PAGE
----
On the House: Low rates, but banks hold back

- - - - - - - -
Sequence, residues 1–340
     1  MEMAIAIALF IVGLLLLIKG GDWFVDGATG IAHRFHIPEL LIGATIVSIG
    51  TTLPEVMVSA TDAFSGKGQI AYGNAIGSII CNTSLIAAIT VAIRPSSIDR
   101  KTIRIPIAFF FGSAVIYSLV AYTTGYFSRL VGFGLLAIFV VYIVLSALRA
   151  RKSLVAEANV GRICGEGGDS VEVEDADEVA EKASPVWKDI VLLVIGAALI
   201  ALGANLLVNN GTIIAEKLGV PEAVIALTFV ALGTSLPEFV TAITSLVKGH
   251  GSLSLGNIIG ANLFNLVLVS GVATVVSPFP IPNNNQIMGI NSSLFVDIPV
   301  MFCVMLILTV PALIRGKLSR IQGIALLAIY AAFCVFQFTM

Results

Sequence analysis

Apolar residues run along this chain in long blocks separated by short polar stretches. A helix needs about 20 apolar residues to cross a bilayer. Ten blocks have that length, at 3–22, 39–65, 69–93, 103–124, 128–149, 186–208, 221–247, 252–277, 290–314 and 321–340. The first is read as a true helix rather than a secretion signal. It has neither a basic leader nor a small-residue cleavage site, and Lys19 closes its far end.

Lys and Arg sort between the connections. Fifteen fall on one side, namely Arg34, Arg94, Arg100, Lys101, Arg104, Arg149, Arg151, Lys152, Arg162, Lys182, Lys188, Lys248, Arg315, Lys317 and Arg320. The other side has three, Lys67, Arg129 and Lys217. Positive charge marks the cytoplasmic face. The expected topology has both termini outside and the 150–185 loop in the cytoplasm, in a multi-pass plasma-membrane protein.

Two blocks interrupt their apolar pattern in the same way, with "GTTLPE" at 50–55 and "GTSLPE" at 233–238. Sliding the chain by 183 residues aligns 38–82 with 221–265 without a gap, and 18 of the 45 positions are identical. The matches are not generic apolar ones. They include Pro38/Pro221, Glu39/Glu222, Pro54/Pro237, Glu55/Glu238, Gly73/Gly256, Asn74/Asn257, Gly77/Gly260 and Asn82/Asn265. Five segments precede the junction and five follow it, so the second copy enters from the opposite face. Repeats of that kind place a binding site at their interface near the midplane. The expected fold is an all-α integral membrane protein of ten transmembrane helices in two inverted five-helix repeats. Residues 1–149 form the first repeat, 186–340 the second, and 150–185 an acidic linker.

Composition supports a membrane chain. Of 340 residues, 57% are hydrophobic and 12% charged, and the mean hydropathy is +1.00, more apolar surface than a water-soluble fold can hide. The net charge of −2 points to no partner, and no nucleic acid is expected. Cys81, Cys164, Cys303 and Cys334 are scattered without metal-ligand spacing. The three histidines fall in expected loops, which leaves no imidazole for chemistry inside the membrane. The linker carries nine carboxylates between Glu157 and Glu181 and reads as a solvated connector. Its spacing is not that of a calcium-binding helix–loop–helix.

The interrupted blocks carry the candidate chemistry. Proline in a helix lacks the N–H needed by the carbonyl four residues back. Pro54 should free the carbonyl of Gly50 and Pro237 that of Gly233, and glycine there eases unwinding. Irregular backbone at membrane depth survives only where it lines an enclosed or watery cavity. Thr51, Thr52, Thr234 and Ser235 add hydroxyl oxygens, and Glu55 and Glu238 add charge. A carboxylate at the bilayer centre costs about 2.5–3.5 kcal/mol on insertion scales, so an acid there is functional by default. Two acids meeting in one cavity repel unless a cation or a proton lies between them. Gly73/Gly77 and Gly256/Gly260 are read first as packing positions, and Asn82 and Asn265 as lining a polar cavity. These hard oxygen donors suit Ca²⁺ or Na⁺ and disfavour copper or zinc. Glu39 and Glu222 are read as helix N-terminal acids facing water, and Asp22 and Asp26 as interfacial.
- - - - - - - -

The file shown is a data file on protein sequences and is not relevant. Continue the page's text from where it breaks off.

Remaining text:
<div class=”container_image_left”> <a href=”http://www.philly.com/inquirer/columnists/al_heavens”><img src=”http://media.philly.com/images/40*40/may08_inq_heavens1.jpg” alt=”” title=”” class=”img_border” border=”0″ height=”40″ width=”40″ /></a> By Al Heavens </div> <p class=”byline lastline”>Inquirer Real Estate Columnist</p> As mortgage rates decline, the question most readers are asking me these days is this: How low can they go?<p> What the experts are telling me is that the rates could fall below 4 percent without more government intervention. </p><p> The Fed’s decision to create the lowest possible rate target for federal funds – money the central bank provides to lenders – was an effort to encourage looser credit. It doesn’t really seem to have worked. Banks continue to be tightfisted, and the economy is at a standstill.</p><p> If lenders aren’t willing to ease the rules and actually begin lending again (with the proper controls), then it really doesn’t matter how low the rates go. Few people will be able to borrow, and we’ll get stuck even deeper in this mess.</p><p> Foreclosures are at record numbers, and predictions are that the situation will get worse before it gets better. Voluntary loan-modification programs to rescue borrowers in trouble aren’t working – a pronouncement that comes from both the comptroller of the currency and advocacy groups.</p><p> In many cases, some of these “modified” loans involved payments higher than before they were “fixed.” </p><p> <span style=”font-weight: bold;”>Philadelphia mortgage broker Fred Glick maintains that the same people who wrote stupid loans are now in the loan-modification and credit-repair business (both unregulated), and he periodically sends me e-mails he gets promising high returns to brokers using these outfits. </span></p><p> “I am surprised that anyone is surprised,” Peter Buchsbaum, a veteran Abington mortgage broker, said of loan-modification problems. “We allowed the same decision-makers to make a new loan. They lent money either to the wrong borrower or put the right person in the wrong loan originally, and now they have a new plan.”</p><p> The mortgage industry needs to get back to looking at loans not simply based on “some computer criteria,” Buchsbaum said, but at “people who have shown an inclination to pay a debt in the past and can they afford the payment going forward. The loan and borrower must make sense together.” </p><p> New Jersey is rolling out a program designed to put some controls on mortgage modification. Spokesman Chris Donnelly says the program will have homeowners and lenders working with mediators and housing counselors to structure modifications that will be affordable to the homeowners.</p><p> In addition, the state’s Foreclosure Prevention and Mortgage Assistance programs, both of which use trained, certified counselors, are designed to help homeowners fix their delinquent mortgages permanently.</p><p> Can we go much deeper into the foreclosure pit? We can and will, I’m sorry to say.</p><p> “What is truly disconcerting is that the greatest increase in delinquencies is in prime mortgages,” said Philadelphia economist Kevin Gillen. “What began with subprime has spread to the larger housing market, and to the overall macroeconomy.</p><p> “The downturn in the housing sector may have started the downturn in the national economy, but that dynamic has now been turned around the other way,” Gillen says. </p><p> “We’re all subprime now.”</p>

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